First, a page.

Collective Nouns and How to Use Them
Carlene PalmManager, Client & Author Services
Doing It Together: Understanding Collective Nouns
One of the most basic grammar rules is subject and verb agreement. Without it, a sentence quickly becomes confusing. If you have a singular subject, you use a singular verb:
• This sandwich is delicious.
If you have a plural subject, you use a plural verb:
• Cats and dogs are common household pets.
In your writing for Textbroker, you might have noticed that, when you write about business topics, you use words like staff or committee; other issues might require you to use words like society, team, group, audience, or family. These words are all known as collective nouns. Collective nouns bundle individuals into a whole that acts as a single unit. Therefore, most of the time, collective nouns use a singular verb.
• The committee holds meetings at the local recreation center.
• My family likes to play board games on Friday nights.
You also want to stick to pronoun consistency when using collective nouns.
• The audience shows appreciation by clapping at the end of the play.
Ultimately, suppose you aren’t sure whether your word takes a plural or singular verb. In that case, you can always check your usage or change the sentence by substituting words like members or individuals that are more obviously plural.
• The members of the team practice during the day.
Collective Proper Nouns
Collective nouns are especially common when using proper nouns like the names of music groups and businesses. While made up of several members, they function as a group:
• Imagine Dragons is performing in Las Vegas.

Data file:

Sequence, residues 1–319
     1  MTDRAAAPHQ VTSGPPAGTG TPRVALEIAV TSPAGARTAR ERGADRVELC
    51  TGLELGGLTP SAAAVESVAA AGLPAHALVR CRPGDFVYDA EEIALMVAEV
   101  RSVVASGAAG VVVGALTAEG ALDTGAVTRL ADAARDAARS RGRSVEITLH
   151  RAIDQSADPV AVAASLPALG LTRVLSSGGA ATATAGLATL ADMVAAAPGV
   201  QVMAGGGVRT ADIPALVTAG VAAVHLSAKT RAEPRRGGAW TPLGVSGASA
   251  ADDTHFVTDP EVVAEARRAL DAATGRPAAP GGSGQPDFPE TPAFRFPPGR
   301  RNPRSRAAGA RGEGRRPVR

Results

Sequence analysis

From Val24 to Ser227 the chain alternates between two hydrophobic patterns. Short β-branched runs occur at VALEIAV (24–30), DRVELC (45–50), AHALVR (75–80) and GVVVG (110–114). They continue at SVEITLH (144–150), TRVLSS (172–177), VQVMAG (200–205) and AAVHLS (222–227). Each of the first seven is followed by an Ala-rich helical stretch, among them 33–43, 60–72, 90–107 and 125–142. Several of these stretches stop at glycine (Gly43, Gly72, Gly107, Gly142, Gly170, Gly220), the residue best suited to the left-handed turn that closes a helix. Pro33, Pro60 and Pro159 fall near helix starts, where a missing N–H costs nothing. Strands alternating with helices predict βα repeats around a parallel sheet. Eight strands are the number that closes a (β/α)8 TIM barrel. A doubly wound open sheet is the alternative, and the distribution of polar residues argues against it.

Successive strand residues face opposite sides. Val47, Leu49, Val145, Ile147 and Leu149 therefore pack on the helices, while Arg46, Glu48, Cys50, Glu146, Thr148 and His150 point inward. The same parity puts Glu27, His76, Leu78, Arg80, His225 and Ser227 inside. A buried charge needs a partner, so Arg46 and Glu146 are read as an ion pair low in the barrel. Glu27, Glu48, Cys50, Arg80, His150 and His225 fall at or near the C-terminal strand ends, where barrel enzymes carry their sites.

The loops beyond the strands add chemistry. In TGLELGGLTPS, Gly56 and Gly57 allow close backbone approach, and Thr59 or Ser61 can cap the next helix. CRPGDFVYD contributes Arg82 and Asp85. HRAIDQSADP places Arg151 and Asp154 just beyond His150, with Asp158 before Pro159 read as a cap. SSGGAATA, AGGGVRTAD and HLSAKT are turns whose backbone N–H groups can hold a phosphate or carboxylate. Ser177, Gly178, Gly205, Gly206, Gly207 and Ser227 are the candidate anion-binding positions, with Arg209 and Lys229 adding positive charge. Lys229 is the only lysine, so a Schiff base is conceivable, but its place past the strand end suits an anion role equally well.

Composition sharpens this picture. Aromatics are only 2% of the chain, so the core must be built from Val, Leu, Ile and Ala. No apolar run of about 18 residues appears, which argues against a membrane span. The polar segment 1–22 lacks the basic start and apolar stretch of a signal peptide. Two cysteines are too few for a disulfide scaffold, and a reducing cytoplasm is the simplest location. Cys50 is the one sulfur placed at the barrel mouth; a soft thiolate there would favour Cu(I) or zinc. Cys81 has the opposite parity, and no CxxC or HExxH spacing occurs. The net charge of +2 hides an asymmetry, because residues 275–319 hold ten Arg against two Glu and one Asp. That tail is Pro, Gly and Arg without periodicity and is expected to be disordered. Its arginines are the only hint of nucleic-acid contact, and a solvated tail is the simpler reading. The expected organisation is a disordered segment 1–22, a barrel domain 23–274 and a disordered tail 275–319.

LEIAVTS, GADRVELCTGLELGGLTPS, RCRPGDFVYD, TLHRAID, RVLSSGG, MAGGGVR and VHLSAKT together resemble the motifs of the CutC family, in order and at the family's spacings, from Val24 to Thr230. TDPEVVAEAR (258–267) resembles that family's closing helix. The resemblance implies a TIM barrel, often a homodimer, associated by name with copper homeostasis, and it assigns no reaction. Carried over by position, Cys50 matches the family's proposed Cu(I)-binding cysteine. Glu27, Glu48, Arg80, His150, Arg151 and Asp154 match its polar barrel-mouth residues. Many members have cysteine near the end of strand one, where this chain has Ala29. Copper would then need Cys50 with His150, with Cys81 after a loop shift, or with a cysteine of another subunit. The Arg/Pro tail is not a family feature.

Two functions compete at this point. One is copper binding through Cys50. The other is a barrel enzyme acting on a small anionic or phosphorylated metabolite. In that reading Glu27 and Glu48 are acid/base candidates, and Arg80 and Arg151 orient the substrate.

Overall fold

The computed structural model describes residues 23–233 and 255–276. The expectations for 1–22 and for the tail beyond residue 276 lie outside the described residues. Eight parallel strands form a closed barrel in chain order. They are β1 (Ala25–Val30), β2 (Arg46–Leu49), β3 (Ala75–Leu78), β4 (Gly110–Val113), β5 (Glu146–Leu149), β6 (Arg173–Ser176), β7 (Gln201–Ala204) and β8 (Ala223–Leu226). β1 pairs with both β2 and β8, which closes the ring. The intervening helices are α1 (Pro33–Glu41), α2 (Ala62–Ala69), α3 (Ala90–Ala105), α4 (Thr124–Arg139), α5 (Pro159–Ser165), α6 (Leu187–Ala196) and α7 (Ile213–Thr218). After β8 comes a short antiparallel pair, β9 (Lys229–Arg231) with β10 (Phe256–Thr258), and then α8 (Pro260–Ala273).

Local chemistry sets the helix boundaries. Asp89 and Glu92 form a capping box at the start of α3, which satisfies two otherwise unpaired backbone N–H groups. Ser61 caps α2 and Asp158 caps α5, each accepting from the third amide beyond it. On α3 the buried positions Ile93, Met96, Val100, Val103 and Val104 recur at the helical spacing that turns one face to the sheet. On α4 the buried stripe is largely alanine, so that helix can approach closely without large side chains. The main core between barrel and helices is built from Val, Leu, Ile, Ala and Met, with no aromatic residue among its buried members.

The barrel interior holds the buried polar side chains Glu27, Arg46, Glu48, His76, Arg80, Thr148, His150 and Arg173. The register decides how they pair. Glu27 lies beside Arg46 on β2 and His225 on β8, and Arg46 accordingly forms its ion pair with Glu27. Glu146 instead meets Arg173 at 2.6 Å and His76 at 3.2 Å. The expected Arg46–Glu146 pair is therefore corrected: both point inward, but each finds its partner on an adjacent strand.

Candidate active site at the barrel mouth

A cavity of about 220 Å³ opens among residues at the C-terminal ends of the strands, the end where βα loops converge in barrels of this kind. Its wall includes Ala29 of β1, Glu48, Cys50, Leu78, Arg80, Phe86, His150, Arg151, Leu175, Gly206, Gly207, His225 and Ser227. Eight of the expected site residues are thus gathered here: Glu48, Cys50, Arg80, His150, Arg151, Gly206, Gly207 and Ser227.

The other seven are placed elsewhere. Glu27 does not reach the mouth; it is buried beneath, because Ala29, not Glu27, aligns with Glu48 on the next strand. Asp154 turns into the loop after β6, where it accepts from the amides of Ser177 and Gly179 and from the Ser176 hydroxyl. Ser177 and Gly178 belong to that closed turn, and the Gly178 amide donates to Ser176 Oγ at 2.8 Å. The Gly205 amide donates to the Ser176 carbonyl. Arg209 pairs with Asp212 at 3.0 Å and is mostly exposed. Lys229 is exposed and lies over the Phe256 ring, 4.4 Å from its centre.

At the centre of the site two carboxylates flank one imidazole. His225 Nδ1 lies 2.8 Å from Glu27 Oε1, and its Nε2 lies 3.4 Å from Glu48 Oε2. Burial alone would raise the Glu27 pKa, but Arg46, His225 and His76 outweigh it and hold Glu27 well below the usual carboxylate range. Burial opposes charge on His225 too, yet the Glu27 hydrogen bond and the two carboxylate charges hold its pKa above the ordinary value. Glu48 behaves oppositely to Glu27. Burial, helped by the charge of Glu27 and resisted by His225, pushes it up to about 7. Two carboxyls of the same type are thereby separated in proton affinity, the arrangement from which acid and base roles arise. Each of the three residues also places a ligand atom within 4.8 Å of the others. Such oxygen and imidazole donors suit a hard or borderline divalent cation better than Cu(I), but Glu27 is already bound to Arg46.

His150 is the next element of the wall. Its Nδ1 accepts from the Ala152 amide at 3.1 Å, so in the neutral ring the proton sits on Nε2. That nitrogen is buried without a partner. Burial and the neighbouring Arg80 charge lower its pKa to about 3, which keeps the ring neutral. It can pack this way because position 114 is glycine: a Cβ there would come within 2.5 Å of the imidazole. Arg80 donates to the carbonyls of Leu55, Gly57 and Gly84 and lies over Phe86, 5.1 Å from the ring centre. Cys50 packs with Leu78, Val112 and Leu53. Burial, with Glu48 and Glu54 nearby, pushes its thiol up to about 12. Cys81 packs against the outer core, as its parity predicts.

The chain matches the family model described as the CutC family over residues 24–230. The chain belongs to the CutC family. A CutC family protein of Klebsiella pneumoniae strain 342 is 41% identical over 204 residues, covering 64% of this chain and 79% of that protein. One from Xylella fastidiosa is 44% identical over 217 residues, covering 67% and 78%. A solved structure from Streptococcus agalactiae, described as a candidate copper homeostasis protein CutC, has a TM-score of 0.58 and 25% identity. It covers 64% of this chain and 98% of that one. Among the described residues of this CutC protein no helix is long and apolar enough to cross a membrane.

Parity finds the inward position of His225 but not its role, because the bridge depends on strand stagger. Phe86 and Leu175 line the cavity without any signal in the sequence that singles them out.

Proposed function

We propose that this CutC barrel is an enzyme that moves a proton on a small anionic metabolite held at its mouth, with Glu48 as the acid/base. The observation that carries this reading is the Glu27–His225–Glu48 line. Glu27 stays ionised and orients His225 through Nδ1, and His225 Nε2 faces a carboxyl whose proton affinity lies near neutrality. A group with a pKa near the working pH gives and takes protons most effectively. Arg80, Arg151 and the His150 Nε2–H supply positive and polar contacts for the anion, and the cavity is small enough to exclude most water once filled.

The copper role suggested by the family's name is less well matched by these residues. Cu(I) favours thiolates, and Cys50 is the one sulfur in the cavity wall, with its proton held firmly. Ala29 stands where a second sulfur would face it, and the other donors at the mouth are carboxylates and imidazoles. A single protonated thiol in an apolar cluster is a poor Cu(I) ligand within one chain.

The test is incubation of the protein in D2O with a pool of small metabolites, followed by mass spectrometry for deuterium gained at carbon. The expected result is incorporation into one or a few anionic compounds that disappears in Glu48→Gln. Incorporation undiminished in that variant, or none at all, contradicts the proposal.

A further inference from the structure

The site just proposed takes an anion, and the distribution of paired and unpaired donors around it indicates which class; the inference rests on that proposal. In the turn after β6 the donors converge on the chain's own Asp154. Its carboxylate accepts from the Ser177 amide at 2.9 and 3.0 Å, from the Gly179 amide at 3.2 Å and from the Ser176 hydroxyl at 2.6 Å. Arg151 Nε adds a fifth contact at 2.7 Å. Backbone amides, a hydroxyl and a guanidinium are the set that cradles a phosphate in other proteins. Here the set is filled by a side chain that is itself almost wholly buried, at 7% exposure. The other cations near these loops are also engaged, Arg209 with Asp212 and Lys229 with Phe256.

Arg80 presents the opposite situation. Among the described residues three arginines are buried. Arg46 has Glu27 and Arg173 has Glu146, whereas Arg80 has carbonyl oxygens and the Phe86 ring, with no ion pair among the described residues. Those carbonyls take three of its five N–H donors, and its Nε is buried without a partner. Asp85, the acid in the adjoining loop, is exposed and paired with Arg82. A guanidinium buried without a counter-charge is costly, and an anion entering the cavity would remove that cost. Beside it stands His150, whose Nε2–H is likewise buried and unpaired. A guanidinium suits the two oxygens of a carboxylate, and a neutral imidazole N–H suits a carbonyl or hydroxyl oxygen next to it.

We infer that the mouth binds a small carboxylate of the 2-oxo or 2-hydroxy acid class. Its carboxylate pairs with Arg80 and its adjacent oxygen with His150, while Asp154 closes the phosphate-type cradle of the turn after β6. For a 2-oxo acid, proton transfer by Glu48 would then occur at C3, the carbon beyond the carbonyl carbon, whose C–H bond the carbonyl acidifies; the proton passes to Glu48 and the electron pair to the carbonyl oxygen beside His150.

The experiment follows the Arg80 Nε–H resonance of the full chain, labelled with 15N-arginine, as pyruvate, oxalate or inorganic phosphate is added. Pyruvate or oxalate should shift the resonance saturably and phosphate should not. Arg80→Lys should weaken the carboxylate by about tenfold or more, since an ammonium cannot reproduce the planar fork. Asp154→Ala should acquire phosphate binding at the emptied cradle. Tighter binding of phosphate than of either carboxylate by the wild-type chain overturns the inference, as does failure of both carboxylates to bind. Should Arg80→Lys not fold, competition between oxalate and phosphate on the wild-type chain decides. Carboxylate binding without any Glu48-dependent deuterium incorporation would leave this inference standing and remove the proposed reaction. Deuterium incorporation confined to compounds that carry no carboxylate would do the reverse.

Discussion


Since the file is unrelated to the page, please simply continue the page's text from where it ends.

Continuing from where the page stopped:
• Starbucks uses the largest number of coffee cups in the world.
If you substitute the generic collective nouns “the band” or “the company” for the proper nouns above, it becomes clear that a singular verb should be used.
In the English language, there are always exceptions. A typical example is sports teams where the team name—a collective noun—uses the plural, but referring to the team by its city uses the singular.
• The Patriots have won several Super Bowls.
• New England is playing in the Super Bowl again this year.
You might also discover that this rule with collective nouns doesn’t necessarily apply if you are asked to write something using British English. A plural verb is used with collective nouns if the group acts as a whole but switches to singular if members within the group work individually.
• The staff are expecting guests to arrive around noon.
• The staff is busy preparing rooms for guests.
Additionally, in American English, while words like couple or pair are collective nouns, it’s acceptable to use singular or plural verbs, depending on whether you think your subject is acting individually or together. The important thing is to be consistent within your piece of writing.
• The pair of ducks are waddling by the pond -or- The pair of ducks is waddling by the pond.
Related To Collective Nouns
When you have a quantity, measurement, time period, or amount grouped together, it might look plural, but you use the singular verb.
• Three dollars is not a lot of money.
• Fifty years is a long time.
Mass nouns, also called noncount nouns, cannot be plural since they can’t have a number placed in front of them. So, words like furniture, equipment, sand, and homework use a singular verb.
• This new computer equipment uses advanced technology.
• Her furniture was arranged to allow a full view of the TV.
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